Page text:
Our Beautiful Wrecked World

Well, something escalated quickly. My prospector friend Stormie Waters stopped by my place, then we went into town for supplies. After loading up her buckboard, we went to lunch. Al Buehterawl and Lotta Lyez from the Darwin ranch joined us.

Our jawing turned to the beauty of the canyons, buttes, arches, rock layers, and so on. I agreed and added that this planet is wrecked, and that nobody can imagine its splendor before the Genesis Flood. Lotta Lyez was incensed, and Al Buehterawl took a deep breath and railed against the Flood.

People admire the beauty in geological features of the world, such as the Victoria falls gorge. God gave us beauty though this wrecked world testifies of the Genesis Flood and judgment.
Victoria Falls gorge and bridge, Wikimedia Commons / JackyR (CC BY-SA 3.0)
Al and Lotta went on to make the ridiculous boilerplate remark from anti-creationists that there is no evidence for the Flood. I pointed out that if secularists would remove their uniformitarian slow 'n' gradual processes spectacles, they might be able to honestly examine the evidence and see that yes, there is a passel of evidence for the Flood.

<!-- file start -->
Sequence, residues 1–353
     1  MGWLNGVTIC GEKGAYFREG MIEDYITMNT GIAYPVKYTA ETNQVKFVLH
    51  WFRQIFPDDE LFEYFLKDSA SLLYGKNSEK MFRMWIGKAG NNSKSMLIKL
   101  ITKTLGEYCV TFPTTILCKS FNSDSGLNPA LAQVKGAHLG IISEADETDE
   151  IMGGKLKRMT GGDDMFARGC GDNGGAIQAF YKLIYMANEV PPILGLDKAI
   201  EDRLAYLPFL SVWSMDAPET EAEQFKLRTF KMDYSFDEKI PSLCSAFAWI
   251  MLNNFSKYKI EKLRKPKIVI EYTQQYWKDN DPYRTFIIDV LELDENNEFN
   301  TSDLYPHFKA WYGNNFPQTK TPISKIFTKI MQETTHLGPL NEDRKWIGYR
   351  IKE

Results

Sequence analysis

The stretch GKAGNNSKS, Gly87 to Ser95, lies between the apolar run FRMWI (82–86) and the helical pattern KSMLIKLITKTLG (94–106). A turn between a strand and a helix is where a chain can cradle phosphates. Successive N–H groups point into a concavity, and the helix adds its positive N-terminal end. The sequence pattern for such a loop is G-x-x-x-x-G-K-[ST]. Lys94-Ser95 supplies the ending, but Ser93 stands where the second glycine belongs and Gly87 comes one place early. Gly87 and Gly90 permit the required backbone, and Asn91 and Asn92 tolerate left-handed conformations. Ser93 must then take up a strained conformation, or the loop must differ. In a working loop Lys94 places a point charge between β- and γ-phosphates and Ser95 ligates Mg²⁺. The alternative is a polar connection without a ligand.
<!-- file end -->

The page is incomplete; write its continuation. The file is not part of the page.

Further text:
Lotta turned a shade of purple and Al gasped, then they lit a shuck out of there. Atheists and anti-creationists despise the Flood, mainly because it shows God's judgment against unrighteousness, and also because creation science Flood geology better explains what is observed than do secular models.

God likes beauty. It is probably an extension of his nature, since we were created in his image and we like it. (Beauty in its many forms is a gift to us.) As indicated before, I believe that the splendor of what we see in geological features pales in consideration of what the world was like before.

In Anton Checkhov’s play The Cherry Orchard, a character describes the earth as “so wide, so beautiful, so full of wonderful places.” And it’s true—from majestic mountains to breathtaking canyons, the world is full of beauty.

But, while beautiful, most of today’s geological wonders weren’t part of the “very good” creation God originally made. To gaze at these picturesque places is to peer back in time at the catastrophic processes that reshaped our planet only a few thousand years ago. In the wake of the flood, continents rose and valleys fell. As the climate changed, a brief ice age produced massive glaciers that left their mark around the world.

To read the rest and learn about some examples (or listen to the audio version by my favorite reader), click on "Beauty in Broken Places."